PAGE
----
Sp. Pl.2: 1094. 1753; Gen. Pl. ed 5, 485. 1754
Nearly worldwide except at latitudes greater than 60°.
Most diverse in Andean South America, Adiantum is primarily a tropical genus; of the nine species occurring in the flora, A. melanoleucum, A. tenerum, and A. tricholepis are strictly subtropical. Adiantum hispidulum occurs only as an escape from cultivation. The genus is absent from dry areas in the interior of the continent.
Adiantum is a very clearly circumscribed genus of ferns, the character state "sporangia borne on abaxial surface of false indusium" being both necessary and sufficient to define it. Within this large and widespread genus, however, species relationships are mostly unknown. An evolutionary classification of the group is indeed much needed (R. M. Tryon and A. F. Tryon 1982).
Species ca. 150–200 (9 in the flora).
|1||Segments at middle of penultimate divisions of blades ± fan-shaped, rhombic, transversely oblong, or nearly round, about as long as broad.||> 2|
|1||Segments at middle of penultimate divisions of blades ± oblong or long-triangular, at least 2 times as long as broad (rarely, reniform).||> 5|
|2||Dark color of stalks extending into base of ultimate segments.||Adiantum capillus-veneris|
|2||Dark color of stalks ending ± abruptly at base of ultimate segments.||> 3|
|3||Segment stalks terminating in small, cupulelike swelling at base of ultimate segments.||Adiantum tenerum|
|3||Segment stalks not terminating in small, cupulelike swelling at base of ultimate segments.||> 4|
|4||Ultimate segments glabrous.||Adiantum jordanii|
|4||Ultimate segments hirsute.||Adiantum tricholepis|
|5||Rachises hispid or strigose; blades pinnate (occasionally pseudopedate in Adiantum hispidulum).||> 6|
|5||Rachises glabrous; blades pseudopedate.||> 7|
|6||Ultimate segments with scattered multicelled hairs; rachises hispid; false indusia ± round.||Adiantum hispidulum|
|6||Ultimate segments glabrous; rachises strigose; false indusia crescent-shaped.||Adiantum melanoleucum|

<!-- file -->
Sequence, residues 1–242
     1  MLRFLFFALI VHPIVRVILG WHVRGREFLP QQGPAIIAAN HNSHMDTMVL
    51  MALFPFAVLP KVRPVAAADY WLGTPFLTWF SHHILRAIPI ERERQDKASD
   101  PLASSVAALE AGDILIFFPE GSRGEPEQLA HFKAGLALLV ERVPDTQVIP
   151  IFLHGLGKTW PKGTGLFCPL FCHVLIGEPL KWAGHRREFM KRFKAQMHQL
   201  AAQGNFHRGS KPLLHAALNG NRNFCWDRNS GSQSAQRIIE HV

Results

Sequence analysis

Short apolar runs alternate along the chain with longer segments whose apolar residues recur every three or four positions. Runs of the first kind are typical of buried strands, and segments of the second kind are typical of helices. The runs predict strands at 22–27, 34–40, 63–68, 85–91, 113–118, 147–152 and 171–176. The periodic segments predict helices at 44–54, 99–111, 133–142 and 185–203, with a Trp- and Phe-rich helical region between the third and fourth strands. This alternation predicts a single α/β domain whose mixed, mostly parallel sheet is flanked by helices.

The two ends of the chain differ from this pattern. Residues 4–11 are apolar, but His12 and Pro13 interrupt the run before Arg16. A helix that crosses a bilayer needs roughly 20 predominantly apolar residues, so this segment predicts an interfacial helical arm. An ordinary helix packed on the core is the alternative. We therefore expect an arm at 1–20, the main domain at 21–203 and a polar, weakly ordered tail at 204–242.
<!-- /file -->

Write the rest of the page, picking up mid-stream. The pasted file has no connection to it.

|7||Segments at middle of penultimate divisions of blades ± oblong; leaves lax-arching, blades fan-shaped.||> 8|
|7||Segments at middle of penultimate divisions ± long-triangular or reniform; leaves arching to stiffly erect, blades fan-shaped to funnel-shaped.||> 9|
|8||Segments at middle of penultimate divisions of blades generally less than 3.2 times as long as broad, apices with rounded, crenulate or crenate-denticulate lobes, lobes separated by shallow sinuses 0.1–2(–3.7) mm, segment stalks ca. 0.6–0.9 mm.||Adiantum pedatum|
|8||Segments at middle of penultimate divisions usually more than 3.2 times as long as broad, apices with sharply denticulate, angular lobes, lobes separated by deep sinuses 0.6–4 mm, segment stalks to 0.6 mm.||Adiantum aleuticum|
|9||Central ultimate segments on stalks less than 0.9 mm; false indusia mostly less than 3.5 mm.||Adiantum aleuticum|
|9||Central ultimate segments on stalks generally greater than 0.9 mm; false indusia mostly exceeding 3.5 mm.||Adiantum viridimontanum|
|Author||Cathy A. Paris +|
|Common name||Maidenhair fern +|
|Etymology||Greek adiantos, unwetted, for the glabrous leaves, which shed raindrops +|
|Illustrator||John Myers +|
|Reference||fernald1950a +, paris1988a +, paris1991a + and wagner1956a +|
|Taxon name||Adiantum +|
|Taxon parent||Pteridaceae +|
|Taxon rank||genus +|
|Volume||Volume 2 +|